A woman meets a man at the tennis courts… they’re both in the pro shop purchasing balls.
They fall in love.
On the surface, this looks like a dream come true; opposite money habits that fit like a puzzle, but it’s actually a train wreck waiting to happen.
How can one tell during the dating dance, which is whom?
He impresses her with his late-model BMW and takes her to fancy restaurants where the waiters wear long aprons and bow ties. He gets box seats for the theater, and floor seats for the Lakers. His job title sounds impressive, although she’s not clear exactly what it entails. She doesn’t ask.
She’s swept away by his gallant manners and thoughtful gifts. She’s in love and is relieved that he appears to be financially stable, and this confirms her fantasy of a home, kids, and vacations in the winter and summer.
What she cannot see are his feelings of shame and inadequacy. His feelings of never being “enough.”
He works hard, spends more, and lives right up to that edge that neither of them can see, yet.
She, on the other hand, went to an Ivy League school and now does marketing for a small company. She drives a modest car, lives in a charming pre-war building, and seems to have a low-key lifestyle.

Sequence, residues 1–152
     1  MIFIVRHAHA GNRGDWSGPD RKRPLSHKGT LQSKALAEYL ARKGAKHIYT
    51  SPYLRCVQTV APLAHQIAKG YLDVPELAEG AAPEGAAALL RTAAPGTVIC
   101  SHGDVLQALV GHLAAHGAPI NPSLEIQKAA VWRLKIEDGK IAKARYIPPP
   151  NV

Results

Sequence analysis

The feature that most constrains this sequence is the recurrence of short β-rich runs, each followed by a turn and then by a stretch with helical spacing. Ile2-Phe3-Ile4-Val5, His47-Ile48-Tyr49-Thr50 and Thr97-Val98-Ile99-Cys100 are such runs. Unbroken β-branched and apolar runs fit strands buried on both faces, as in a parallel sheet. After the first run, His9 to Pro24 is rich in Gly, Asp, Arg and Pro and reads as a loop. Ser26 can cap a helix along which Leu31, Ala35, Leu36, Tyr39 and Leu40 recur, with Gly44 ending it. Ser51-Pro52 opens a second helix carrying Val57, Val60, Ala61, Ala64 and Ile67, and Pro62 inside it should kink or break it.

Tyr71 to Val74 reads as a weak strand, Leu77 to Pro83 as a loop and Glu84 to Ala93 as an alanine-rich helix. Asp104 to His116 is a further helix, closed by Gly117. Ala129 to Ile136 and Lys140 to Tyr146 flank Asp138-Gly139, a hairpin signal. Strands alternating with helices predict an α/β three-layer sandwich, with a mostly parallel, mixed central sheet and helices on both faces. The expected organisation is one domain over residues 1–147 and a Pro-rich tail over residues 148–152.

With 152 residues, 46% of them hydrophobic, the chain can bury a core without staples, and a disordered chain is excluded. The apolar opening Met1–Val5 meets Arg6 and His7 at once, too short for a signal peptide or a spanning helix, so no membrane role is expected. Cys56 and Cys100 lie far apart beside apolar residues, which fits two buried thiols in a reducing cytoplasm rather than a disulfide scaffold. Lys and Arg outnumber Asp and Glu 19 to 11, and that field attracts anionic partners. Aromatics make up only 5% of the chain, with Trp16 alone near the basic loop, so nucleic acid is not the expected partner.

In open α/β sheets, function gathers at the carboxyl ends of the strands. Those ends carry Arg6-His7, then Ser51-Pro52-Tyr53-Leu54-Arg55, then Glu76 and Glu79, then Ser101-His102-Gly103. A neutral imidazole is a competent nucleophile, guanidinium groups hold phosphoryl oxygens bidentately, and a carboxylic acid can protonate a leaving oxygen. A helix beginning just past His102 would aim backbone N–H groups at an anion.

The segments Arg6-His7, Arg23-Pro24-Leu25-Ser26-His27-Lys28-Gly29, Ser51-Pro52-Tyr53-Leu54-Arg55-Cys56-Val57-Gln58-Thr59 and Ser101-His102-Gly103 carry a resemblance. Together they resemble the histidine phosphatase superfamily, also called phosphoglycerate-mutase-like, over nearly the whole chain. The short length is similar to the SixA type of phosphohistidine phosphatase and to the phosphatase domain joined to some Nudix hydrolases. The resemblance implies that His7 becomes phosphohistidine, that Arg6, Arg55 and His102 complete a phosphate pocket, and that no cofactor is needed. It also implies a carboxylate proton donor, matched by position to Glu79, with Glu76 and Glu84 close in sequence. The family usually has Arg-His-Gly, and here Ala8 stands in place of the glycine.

She knows she has shame about money. All of her friends are further along on the corporate ladder. She feels undeserving, and like him, nothing she ever does feels good enough.
But he seems to be the answer to her prayers. He is rescuing her, or so she thinks.
They decide to marry and side-step the pre-marital money chat.
She thinks she’s safe now. He’ll provide financial security and they’ll live the life of luxury while thinking about when to start a family.
He’s in love. He feels he has won the lottery; she’s gorgeous and sophisticated; all the men want her; he loves showing her off and feels pride of “ownership” as one could say. She’s a “catch.”
They start a family, and the financial reality starts to kick in as their lives shift, expand, and get more complicated. They have expenses they never had before: diapers, doctors, and daycare.
And yet, he keeps spending as if their disposable income is still from two people; he now is the only earner.
Another child is born two years later, and the stress keeps climbing.
The irony is: they both have self-esteem issues played out in the financial arena. They are two sides of the same coin. When the financial fireworks start, he will be angry, covering up his shame. She will retreat feeling fearful, covering her vulnerability.
How to fix the conflict: TALK
Poor communication is the #1 reason people fight. When people lack the trust to talk, lack the correct words to use, and lack the desire to really preserve what they have built, divorce is not far behind.
Catch the frustration before the meltdowns start and the search for a divorce attorney becomes a sport.
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